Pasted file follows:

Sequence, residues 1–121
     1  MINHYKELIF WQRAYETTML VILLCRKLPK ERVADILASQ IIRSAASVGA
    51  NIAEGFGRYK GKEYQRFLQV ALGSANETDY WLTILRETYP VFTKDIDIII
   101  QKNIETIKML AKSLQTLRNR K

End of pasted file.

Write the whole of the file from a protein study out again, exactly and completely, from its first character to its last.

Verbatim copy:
Sequence, residues 1–121
     1  MINHYKELIF WQRAYETTML VILLCRKLPK ERVADILASQ IIRSAASVGA
    51  NIAEGFGRYK GKEYQRFLQV ALGSANETDY WLTILRETYP VFTKDIDIII
   101  QKNIETIKML AKSLQTLRNR K